Continuous deployment is a development concept for software or technology solutions. Instead of building the entire project and then releasing a perfect product at once, continuous deployment focuses on starting with a minimum viable product (MVP) and making regular consistent improvements to it over time.

What’s in it for me?

More controllable costs for development work.

When creating a new product or implementing a custom marketing automation, it can be challenging to predict the timeline for development of each feature. So when we prioritize tasks, and provide regular feedback that includes costs involved, the project owner has greater control over how much time is invested in each aspect. We can set budgets, and then slow down or speed up to stay within budget requirements while also making constant improvements. This means you can allocate funds to your highest priorities first.

Small changes simplify the troubleshooting process.

When you introduce many changes at once, it can be hard to pinpoint which change had what impact. Think about a recipe gone wrong: if you added all the spices at once, it’s tougher to tell which spice threw off the flavor. Similarly, when we’ve made smaller, incremental changes in iteration and encounter a bug, knowing which change caused the bug is significantly easier. The solution to that issue can be reached more quickly.

Getting new offerings to users quickly: a faster return on investment

Let’s be honest, development is an investment. It’s not “cheap” initially. But the goal is often an efficiency for staff (saving them time and you money), or an increase in user engagement (boosting sales and interactions). So the sooner you launch your new offerings, the sooner you see an ROI. When we tighten the loop between development and introduction, you get the results much faster, making the investment even more worthwhile.

Better user experience with a smaller learning curve as users engage with one new feature at a time.

In general, people tend to resist change. This is especially true when interacting with websites or apps they are familiar with. There’s often an uproar when a social media or communication platform releases even a minor update. We humans are creatures of habit. This is why it is easier on the user to introduce one new feature at a time, leaving the rest of the site familiar and in their comfort zone. With small changes over time, you retain trust and engagement.

How to do it right

Dream big and then pare down your MVP

Particularly when starting something new at North UX, we invite our clients to dream BIG. This helps us lay a foundation for where the project could go in the long run. Looking at the big picture helps us see how features will interact with each other in a high-level scope. After we dream big, we streamline. We pare things down to the MVP: what’s the most critical for this project to thrive? Then we pare it down at least one more time. While it can be difficult to truly boil a project down to bare bones, especially when you’re dreaming and envisioning exciting things, taking a continuous development approach really does force us to start with the core essentials and grow from there.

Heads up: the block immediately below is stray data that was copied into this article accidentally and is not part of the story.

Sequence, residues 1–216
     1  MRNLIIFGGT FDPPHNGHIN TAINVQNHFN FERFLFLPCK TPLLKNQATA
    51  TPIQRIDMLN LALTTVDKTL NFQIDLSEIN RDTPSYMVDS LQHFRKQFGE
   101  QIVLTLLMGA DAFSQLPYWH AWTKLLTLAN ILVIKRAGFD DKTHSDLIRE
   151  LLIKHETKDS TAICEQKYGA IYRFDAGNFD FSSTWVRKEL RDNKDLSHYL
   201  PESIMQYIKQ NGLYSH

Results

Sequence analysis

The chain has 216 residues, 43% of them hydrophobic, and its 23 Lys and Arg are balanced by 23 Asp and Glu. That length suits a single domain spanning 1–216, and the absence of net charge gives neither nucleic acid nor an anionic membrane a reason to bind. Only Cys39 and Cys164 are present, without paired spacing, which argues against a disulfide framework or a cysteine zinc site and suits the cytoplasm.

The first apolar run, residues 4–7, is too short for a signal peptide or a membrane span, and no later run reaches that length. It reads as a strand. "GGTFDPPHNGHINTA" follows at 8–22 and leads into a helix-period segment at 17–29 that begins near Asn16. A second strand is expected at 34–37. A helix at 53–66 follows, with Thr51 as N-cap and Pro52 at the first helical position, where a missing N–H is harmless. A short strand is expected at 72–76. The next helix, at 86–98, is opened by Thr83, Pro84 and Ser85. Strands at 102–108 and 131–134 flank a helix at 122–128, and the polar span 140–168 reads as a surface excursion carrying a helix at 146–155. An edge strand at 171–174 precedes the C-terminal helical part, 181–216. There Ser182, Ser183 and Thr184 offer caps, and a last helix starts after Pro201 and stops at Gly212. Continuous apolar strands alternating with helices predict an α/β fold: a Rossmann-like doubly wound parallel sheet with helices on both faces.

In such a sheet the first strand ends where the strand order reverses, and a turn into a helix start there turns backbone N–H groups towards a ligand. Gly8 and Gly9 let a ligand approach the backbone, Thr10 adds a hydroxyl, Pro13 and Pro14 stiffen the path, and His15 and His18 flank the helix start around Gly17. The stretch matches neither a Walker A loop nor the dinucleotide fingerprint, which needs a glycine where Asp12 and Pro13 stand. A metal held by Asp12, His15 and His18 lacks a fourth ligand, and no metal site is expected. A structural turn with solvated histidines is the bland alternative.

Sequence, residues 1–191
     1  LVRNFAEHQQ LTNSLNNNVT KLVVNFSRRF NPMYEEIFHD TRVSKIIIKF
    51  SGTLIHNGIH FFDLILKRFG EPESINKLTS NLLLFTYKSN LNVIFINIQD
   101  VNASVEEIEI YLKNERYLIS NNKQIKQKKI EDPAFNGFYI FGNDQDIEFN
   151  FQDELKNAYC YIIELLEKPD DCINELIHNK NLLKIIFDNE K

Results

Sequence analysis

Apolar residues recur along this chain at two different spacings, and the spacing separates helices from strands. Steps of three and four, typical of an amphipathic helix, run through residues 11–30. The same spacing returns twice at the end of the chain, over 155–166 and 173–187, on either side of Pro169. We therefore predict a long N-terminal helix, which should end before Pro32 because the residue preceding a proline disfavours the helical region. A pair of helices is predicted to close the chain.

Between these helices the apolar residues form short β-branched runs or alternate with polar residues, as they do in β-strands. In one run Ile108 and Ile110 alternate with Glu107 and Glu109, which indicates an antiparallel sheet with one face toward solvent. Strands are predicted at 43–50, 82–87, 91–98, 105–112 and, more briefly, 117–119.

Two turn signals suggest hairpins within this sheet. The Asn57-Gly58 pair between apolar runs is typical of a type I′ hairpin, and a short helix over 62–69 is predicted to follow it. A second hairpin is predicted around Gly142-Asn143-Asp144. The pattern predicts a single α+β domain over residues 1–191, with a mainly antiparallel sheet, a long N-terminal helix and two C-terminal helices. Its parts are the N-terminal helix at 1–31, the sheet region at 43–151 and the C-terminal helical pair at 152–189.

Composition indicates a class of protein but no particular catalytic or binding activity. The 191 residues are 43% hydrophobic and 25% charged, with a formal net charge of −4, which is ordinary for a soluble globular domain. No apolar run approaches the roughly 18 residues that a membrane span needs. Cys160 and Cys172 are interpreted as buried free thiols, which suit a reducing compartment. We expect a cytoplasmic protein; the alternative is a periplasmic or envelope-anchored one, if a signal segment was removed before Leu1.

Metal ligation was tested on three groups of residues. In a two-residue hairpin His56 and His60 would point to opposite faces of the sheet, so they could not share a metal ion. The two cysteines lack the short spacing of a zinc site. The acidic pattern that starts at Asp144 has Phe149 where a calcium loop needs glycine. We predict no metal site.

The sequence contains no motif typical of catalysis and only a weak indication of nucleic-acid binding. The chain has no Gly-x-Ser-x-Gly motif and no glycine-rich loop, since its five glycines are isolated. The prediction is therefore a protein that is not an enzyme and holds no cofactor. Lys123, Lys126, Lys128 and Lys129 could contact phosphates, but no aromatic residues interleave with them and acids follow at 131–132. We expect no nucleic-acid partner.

Start where you are at

Not every client starts a project from scratch. In fact, most of our clients come to us with an existing site. The concept of continuous deployment does not have to be implemented from the beginning. It can be picked up and applied where you are right now. We can start “plugging the holes in the boat” to get your current product in a better place. Sometimes, as we do this, we realize we don’t need a whole new replacement. We can create some small changes over time to reach your business goals without re-inventing the wheel.

Maintain a clean codebase

This is critical if you want to be efficient in small iterations. It can be hard to spend money on something that doesn’t seem to yield tangible results from an end user perspective — but occasionally the investment of cleaning up the current code base is well worth it and the best place to start. Think of it like renovating an older home. Often, some renovations today can make sure the home stands strong for years to come. You should be using some type of version control to track the changes overtime, and the current code should be well structured and documented. Creating a working environment that various developers can easily jump into is crucial to continuous deployment, and perhaps the first order of business when adopting this strategy. This ensures you aren’t limited to only using one developer. Any developer on the North UX team (or even a developer from your internal staff!) can jump in and address an issue in a moment.